Mountain Law: Breaking up a business: The need for an effective exit strategy |

Mountain Law: Breaking up a business: The need for an effective exit strategy

Noah Klug

It can be so hard to keep a business going that owners often neglect to consider how the business will end. Yet not having an effective exit strategy can be a disaster. Here are some things to consider:

Regardless of whether a business is a corporation, limited liability company or partnership, the owners of the business should have an agreement addressing – among many other issues – how the owners will handle certain “triggers” that lead to the end of the business or the departure of an owner. Triggers leading to the end of a business might include it no longer serving a purpose, lacking resources to continue, or selling to another company. Triggers that lead to departure of an owner might include the owner’s retirement, end of employment, death, disability, divorce, or bankruptcy. There is no “one size fits all” arrangement to address these triggers; it depends in each case on the needs of the owners and nature of the business.

One common feature of an exit strategy is a buy/sell agreement defining the circumstances under which an owner could buy or sell her interest in the company to or from another owner. A difficult part of a buy/sell agreement is determining a fair price. The agreement could state a fixed price or a method for determining the price such as a formula or appraisals. Another option is a “push/pull” arrangement in which one owner could offer to sell her interest for a certain price or to purchase the interest of another owner for the same price, and the other owner would be obliged to buy or sell for the stated price.

In addition to deciding how price will be determined, owners should consider how a buyout will be funded. For example, a business may wish to purchase insurance for each owner that can be used to buy out that owner’s interest in the case of death or disability. Lack of funding for a buyout can lead to unnecessary acrimony between the owners.

A frequent issue is how to handle ongoing business when one owner departs. As an illustration, a recent case called LaFond v. Sweeney involved one partner leaving a law firm that was working on certain cases and the remaining partner completing the cases on his own. The issue was whether the departing partner was entitled to a share of the profits made from the cases. The partners had a general agreement before the business ended that they would split all profits equally, but the remaining partner argued that he should get the money from the cases because he did the work. The court disagreed and found that, because the cases were started while the business was ongoing, they were company assets that had to be split equally according to the partners’ agreement. The partners could have changed this result by making a different agreement before the business ended.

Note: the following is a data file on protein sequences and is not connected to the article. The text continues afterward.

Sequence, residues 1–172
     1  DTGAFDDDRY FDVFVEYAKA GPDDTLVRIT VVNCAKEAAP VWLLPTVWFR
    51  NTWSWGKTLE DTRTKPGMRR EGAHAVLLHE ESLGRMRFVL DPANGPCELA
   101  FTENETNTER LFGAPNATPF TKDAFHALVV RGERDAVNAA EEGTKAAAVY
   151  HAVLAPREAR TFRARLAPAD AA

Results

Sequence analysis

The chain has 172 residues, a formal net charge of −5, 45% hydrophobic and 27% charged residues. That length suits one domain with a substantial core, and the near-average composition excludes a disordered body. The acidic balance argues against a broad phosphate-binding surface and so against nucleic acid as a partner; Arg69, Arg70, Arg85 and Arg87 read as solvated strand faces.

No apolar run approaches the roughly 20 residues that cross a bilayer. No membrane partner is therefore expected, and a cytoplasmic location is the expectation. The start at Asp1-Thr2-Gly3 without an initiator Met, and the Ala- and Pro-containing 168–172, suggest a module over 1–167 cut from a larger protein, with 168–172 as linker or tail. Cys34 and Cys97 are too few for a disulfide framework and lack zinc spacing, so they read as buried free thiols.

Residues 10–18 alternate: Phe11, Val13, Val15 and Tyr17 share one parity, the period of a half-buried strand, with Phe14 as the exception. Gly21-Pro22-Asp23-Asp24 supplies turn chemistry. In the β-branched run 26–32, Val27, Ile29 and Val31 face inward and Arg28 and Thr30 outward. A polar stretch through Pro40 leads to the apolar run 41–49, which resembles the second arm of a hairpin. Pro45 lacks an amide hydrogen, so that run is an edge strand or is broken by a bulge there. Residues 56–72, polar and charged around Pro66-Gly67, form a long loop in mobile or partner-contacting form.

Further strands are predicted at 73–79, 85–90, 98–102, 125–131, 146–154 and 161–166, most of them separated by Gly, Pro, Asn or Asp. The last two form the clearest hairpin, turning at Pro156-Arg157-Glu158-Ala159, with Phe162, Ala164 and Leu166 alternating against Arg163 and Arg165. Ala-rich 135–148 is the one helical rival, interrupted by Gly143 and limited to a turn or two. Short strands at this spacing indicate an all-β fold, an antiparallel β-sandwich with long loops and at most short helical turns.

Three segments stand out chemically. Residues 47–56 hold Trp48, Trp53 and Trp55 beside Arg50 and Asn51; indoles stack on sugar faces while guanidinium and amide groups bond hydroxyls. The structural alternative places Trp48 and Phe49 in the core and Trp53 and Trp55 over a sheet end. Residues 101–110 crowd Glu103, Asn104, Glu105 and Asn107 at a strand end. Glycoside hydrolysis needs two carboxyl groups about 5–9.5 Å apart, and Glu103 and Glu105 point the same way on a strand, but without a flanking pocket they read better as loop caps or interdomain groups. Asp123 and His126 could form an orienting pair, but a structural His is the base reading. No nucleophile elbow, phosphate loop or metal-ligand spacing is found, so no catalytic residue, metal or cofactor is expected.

Another common issue is whether an owner should be permitted to transfer her business interest to a third party and, if so, whether the third party should be able to participate in management of the company (in addition to sharing profits); whether the remaining owners should have a right to approve the third party; and whether the remaining owners should have a right of first refusal that would permit them to buy the interest in preference to the third party.

Owners should ideally agree to an exit strategy at the time they start doing business with each other, but it can be done later. Owners should review any agreement periodically to make sure it continues to address their needs. An experienced attorney can help work through the issues and draft an effective agreement.

Noah Klug is principal of The Klug Law Firm, LLC, in Summit County, Colorado, and focuses his practice on business, real estate, and litigation. He may be reached at 970-468-4953, or

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